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Monday, 12 March 2012 12:39

The Little / Helen Hayes Theatre Celebrates 100 Years on Broadway

THE LITTLE / HELEN HAYES THEATRE
CELEBRATES 100 YEARS ON BROADWAY
MONDAY, MARCH 12

Martin Markinson and Jeff Tick are pleased to announce that Monday, March 12th marks the 100th anniversary of the Little / Helen Hayes Theatre (240 West 44th Street), which opened on March 12, 1912 with John Galsworthy’s play The Pigeon. The theatre is currently home to the smash hit musical Rock of Ages. A private centennial celebration at the theatre is confirmed for Thursday, May 24, 2012.

{module ad_left_body}[The history that follows is courtesy of Playbill©]

This theatre opened as the Little Theatre in 1912. Later names included the Winthrop Ames, Anne Nichols’ Little, Times Hall and finally, in 1983, the Helen Hayes Theatre. In the winter of 2007 the Hayes, owned and operated by Martin Markinson and Donald Tick, was spruced up with a renovated auditorium, new seats, carpeting, painting and restoration of the relief ceiling.

Past productions that have played the Hayes have included Next Fall; The 39 Steps; Slava’s Snowshow; Xanadu; Jay Johnson: The Two and Only; Kiki & Herb: Alive on Broadway; Bridge & Tunnel, starring Special Tony winner Sarah Jones; Latinologues; Jackie Mason: Freshly Squeezed; Golda’s Balcony, written by William Gibson and starring Tovah Feldshuh; Frank Gorshin in Say Goodnight, Gracie; By Jeeves; George Gershwin Alone; Dirty Blonde; Getting and Spending; The Last Night of Ballyhoo (Tony, Best Play); Rob Becker’s Defending the Caveman; Joan Rivers in Sally Marr and Her Escorts; Lynn Redgrave’s Shakespeare For My Father; Prelude to a Kiss; Artist Descending a Staircase; Romance, Romance; The Nerd; Corpse!; and Harvey Fierstein’s Torch Song Trilogy (Tonys, Best Play and Best Actor).

During the 1980s three interesting shows played here: Ned and Jack; Faye Dunaway in Curse of the Aching Heart; and Solomon’s Child, an exposé of fanatical religious cults.

In 1977 Albert Innaurato’s Off-Broadway hit, Gemini, moved here and ran for an amazing 1,788 performances, making it the fifth-longest running straight play in Broadway history. Another 1970s hit: The Runner Stumbles.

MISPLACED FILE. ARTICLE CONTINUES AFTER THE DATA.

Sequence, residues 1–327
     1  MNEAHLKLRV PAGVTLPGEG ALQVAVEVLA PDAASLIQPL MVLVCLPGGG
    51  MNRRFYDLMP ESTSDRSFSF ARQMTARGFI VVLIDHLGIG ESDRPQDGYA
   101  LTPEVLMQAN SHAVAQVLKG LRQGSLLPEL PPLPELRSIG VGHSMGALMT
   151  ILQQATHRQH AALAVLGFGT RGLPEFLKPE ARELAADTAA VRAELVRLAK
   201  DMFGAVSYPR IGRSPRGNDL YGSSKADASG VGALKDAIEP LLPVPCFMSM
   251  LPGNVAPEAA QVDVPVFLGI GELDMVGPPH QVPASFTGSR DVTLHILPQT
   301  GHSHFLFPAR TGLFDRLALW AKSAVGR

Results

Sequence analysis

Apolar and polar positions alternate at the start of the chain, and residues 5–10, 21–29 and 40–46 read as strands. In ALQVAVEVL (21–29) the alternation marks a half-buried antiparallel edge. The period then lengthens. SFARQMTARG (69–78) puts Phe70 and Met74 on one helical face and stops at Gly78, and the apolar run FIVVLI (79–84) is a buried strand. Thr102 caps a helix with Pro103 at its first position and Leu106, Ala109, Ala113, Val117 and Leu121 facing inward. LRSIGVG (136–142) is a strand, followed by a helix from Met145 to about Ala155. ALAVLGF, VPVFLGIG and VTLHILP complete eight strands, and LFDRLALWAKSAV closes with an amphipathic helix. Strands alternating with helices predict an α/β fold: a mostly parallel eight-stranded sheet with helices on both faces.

From 1964 to 1974 this theatre was leased to Westinghouse Broadcasting and hosted the Merv Griffin and David Frost TV shows.

In the 1960s the theatre housed Tambourines to Glory, a gospel-music play by Langston Hughes and Jobe Huntley; the Paul Taylor Dance Company; Habimah, the National Theatre of Israel, which staged The Dybbuk, Children of the Shadow and Each Had

Six Wings; James Costigan’s Baby Want a Kiss, with Paul Newman, Joanne Woodward and Costigan; and Frank Gilroy’s Pulitzer Prize play The Subject Was Roses, which moved here.

From 1942–1959 this house ceased being a legitimate theatre and was known as the New York Times Hall and, later, the ABC Television Studio.

Highlights of the 1930s included Edward G. Robinson in Mr. Samuel; Elmer Rice’s The Left Bank; Honeymoon; One More Honeymoon; and Pre-Honeymoon by Anne Nichols, author of the legendary Abie’s Irish Rose. At this time the theatre’s name was changed to Anne Nichols’ Little Theatre.

In 1936 Sir Cedric Hardwicke made his U.S. debut in Promise, and the following year, Cornelia Otis Skinner entertained in her one woman show, Edna His Wife. A sparkling revue called Reunion in New York reunited a group of talented performers from Vienna.

Hits of the 1920s included O’Neill’s first Broadway play, the Pulitzer-winning Beyond the Horizon, which moved here from another theatre; The First Year, written by and starring Frank Craven; two Guy Bolton comedies, Polly Preferred and Chicken Feed; Wallace Ford and Nydia Westman in a huge hit, Pigs; Thomas Mitchell in Marc Connelly’s The Wisdom Tooth; 2 Girls Wanted; The Grant Street Follies; and Rachel Crothers’s witty Let Us Be Gay.

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